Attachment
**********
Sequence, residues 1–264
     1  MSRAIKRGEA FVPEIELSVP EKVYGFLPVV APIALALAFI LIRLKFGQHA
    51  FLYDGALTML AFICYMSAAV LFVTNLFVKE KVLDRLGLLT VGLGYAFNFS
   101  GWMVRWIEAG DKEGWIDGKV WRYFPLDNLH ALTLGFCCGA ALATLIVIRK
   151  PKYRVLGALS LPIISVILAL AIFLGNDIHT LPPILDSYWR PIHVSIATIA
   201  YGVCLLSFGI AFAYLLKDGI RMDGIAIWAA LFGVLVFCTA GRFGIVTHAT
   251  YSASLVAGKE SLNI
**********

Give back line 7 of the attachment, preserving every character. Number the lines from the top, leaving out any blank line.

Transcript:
   251  YSASLVAGKE SLNI